Throughout his career he has done a number of publications, including some 40 papers for the World Bank. mainly on world inequality and poverty. He is the author of the first work assessing global income inequality between individuals ("Economic Journal", January 2002). His 2005 book ("Worlds Apart") about global income disparity introduced three concepts of international inequality: unweighted inequality between mean country incomes, population-weighted inequality between mean country incomes, and global income inequality between all individuals in the world. He defined inequality possibility frontier in a 2006 paper on inequality in Byzantium ("Review of Income and Wealth", 2006). The concept, later expanded to 29 pre-industrial economies in a joint work with Jeffrey Williamson and Peter Lindert ("Economic Journal", March 2011), was considered by The Economist to "contain the germ of an important advance in thinking about inequality". Milanovic is the author of 2011's The Haves and the Have-Nots, a book of essays on income distribution;The Globalist selected The Haves and the Have-Nots as number one on its "top books of 2011". Milanovic currently serves on the advisory board for Academics Stand Against Poverty (ASAP). In August 2013, he was included by Foreign Policy among the top 100 "twitterati" to follow. In November 2014, he became external fellow in Center for Global Development in Washington.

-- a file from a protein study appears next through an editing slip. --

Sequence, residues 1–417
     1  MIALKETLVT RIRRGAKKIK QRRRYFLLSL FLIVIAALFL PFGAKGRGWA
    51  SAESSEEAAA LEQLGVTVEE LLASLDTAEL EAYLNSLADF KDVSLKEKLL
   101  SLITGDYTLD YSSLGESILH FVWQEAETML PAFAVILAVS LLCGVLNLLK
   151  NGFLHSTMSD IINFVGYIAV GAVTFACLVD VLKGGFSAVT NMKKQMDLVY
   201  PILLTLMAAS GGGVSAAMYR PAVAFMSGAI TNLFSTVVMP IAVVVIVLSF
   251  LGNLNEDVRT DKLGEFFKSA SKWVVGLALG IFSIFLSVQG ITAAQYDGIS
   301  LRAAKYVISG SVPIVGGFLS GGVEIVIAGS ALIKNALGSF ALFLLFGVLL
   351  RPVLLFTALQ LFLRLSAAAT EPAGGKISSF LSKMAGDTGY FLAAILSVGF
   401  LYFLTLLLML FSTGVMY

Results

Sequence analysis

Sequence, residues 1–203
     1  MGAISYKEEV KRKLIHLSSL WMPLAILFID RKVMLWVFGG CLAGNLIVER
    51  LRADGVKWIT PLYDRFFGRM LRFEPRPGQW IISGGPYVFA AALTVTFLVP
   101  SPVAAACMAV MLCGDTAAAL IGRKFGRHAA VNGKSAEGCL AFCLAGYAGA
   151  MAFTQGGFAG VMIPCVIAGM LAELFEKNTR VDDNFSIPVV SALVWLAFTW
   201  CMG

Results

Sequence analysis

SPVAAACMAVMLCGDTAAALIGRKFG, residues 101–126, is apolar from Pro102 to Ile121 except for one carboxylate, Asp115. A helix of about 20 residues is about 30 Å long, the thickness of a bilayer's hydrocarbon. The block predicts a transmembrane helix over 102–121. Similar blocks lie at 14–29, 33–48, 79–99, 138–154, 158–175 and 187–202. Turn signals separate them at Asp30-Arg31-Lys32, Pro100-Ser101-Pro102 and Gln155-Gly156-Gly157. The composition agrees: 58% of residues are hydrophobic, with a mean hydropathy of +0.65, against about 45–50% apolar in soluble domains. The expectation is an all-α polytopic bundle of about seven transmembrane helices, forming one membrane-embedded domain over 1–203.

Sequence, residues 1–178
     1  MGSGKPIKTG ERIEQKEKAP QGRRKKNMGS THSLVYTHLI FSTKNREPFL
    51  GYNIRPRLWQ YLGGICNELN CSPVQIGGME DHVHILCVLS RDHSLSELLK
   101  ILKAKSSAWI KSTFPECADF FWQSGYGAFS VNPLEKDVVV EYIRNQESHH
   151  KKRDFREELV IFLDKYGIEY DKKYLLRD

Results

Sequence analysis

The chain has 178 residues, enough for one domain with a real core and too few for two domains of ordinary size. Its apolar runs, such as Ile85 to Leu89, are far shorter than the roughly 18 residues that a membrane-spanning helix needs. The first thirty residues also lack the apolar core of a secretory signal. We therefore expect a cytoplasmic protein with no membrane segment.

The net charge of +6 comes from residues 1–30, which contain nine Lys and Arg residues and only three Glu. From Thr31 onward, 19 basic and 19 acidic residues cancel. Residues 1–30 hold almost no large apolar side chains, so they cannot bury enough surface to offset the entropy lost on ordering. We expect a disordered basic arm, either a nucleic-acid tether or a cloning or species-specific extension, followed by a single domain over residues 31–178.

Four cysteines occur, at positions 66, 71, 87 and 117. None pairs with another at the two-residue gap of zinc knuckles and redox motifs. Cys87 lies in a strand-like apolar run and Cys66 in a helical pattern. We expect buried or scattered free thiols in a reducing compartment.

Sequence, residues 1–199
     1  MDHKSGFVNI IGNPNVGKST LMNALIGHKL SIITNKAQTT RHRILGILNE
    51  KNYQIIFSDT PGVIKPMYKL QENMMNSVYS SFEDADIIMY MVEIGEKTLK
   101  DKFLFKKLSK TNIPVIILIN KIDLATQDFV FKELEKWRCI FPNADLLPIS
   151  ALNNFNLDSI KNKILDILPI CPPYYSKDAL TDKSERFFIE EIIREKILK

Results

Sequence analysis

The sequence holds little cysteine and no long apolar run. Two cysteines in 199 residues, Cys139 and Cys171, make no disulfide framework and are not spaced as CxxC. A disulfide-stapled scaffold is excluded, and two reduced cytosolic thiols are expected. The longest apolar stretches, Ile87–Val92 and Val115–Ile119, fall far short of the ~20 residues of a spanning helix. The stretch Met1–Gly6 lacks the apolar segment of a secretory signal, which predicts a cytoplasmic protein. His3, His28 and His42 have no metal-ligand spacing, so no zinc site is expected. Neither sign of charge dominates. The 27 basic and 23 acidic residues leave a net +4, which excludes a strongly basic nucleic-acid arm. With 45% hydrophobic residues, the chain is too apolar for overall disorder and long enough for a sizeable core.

He has been writing the blogglobalinequality since May 2014.